Kelly Kazek of Al.com recently asked readers to submit photos of ghost signs in the south.
Charles Buchanan, author of the book “Fading Ads of Birmingham,” said he loves discovering faded signs painted on the sides of Alabama buildings.
“Ghost signs once covered walls all over our cities and towns, but now they’re more rare, so stumbling across one is always a pleasant surprise,” Buchanan said. “They add color, texture, and historical context to the places where we live–but it’s not the kind of history you’ll find in a textbook. I like to think of them as windows into the lives of ordinary people who lived decades before us. The signs can tell us where they shopped, what they bought, what they ate and drank, and so forth. In a high-tech world, it’s also comforting to discover something made by hand that hasn’t been polished away or painted over–something that has withstood the test of time.”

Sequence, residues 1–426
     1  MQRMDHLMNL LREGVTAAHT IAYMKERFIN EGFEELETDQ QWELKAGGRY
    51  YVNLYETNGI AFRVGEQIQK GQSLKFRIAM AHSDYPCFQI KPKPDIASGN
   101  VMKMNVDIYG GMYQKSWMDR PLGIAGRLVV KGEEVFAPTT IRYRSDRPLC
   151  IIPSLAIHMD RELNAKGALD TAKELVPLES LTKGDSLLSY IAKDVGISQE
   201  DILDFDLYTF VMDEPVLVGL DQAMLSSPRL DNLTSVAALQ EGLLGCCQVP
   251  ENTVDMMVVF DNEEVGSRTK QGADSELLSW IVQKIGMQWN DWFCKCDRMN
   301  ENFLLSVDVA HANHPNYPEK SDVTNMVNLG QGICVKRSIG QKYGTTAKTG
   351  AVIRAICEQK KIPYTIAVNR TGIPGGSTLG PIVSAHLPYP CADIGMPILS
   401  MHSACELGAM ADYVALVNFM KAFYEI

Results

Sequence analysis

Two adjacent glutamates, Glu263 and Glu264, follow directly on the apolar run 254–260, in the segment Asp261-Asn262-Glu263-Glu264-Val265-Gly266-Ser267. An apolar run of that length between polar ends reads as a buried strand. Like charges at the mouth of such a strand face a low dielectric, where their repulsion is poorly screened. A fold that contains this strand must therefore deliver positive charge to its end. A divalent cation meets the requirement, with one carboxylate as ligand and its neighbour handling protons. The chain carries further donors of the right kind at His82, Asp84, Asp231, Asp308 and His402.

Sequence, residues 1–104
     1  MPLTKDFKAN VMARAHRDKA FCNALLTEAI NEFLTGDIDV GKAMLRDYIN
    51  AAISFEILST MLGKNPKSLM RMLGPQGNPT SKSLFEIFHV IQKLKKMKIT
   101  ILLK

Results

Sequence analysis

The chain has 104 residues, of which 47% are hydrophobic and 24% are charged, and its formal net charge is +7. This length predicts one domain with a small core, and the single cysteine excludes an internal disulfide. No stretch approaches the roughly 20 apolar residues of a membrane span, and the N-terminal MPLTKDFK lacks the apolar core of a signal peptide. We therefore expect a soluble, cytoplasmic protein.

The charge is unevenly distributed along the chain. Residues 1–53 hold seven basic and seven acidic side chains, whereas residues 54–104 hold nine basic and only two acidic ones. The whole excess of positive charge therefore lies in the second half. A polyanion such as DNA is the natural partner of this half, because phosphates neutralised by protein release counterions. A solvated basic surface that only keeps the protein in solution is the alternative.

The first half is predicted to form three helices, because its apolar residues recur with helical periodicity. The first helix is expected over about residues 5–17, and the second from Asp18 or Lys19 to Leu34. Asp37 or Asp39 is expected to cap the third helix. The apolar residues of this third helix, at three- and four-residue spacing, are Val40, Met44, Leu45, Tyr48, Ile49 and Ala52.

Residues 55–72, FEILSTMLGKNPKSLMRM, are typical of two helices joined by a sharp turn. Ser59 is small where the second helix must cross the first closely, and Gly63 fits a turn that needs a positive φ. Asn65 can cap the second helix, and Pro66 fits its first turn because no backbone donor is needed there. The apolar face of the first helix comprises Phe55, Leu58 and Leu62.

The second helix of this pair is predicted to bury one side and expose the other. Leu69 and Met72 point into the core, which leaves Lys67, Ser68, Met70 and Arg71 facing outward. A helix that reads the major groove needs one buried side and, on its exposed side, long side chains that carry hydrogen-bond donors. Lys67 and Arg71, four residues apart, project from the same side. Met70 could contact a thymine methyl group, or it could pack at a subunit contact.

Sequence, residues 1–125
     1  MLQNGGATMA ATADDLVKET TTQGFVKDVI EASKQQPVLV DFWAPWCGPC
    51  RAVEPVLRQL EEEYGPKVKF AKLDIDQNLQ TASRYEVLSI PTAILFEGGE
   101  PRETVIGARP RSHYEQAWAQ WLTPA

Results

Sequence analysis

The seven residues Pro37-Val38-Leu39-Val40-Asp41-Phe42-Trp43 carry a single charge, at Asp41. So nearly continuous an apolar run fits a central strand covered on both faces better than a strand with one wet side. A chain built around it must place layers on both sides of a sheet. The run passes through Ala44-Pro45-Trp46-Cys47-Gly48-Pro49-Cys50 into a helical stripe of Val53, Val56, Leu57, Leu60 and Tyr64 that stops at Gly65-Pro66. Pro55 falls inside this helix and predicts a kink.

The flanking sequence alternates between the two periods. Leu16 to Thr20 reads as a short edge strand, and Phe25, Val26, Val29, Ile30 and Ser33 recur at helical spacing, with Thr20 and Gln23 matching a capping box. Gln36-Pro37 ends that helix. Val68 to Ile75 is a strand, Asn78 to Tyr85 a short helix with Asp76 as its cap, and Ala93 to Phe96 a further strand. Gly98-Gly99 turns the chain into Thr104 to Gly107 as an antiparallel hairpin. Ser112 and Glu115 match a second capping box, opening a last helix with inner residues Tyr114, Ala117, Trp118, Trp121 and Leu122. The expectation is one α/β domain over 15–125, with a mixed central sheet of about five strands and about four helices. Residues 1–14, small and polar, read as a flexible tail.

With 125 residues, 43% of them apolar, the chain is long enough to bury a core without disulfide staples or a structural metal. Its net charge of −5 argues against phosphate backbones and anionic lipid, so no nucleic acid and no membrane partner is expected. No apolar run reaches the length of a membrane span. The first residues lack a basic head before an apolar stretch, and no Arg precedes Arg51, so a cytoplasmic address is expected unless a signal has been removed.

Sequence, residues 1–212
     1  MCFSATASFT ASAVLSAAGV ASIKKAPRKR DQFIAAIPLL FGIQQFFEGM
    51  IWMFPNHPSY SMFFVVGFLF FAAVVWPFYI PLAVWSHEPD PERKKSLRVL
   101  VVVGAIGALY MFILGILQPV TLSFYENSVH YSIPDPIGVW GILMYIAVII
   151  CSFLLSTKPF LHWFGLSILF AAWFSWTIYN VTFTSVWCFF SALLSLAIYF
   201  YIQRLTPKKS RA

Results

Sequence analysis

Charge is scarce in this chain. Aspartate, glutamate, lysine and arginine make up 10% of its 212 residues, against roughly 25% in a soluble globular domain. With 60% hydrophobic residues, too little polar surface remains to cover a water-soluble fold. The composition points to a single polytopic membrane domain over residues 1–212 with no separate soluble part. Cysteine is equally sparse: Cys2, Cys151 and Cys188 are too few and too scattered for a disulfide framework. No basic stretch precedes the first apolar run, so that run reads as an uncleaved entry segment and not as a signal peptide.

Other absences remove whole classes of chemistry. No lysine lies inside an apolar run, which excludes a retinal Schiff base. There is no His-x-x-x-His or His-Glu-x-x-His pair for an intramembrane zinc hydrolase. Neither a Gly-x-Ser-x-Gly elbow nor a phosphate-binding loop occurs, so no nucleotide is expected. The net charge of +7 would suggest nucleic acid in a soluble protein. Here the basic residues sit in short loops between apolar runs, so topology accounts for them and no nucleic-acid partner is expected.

A life behind the lens.
Martin Garfinkel is truly one of the most admired photographers today and is long time owner of a fine art photography gallery in Carbondale, Colorado; he is a 40 year resident of the Roaring Fork Valley, which shelters adjacent communities Aspen and Glenwood Springs and is watched over by the iconic Mount Sopris. For most of this time, Garfinkel’s trek has been on his Harley Davidson Motorcycle looking for iconic images of roadside America.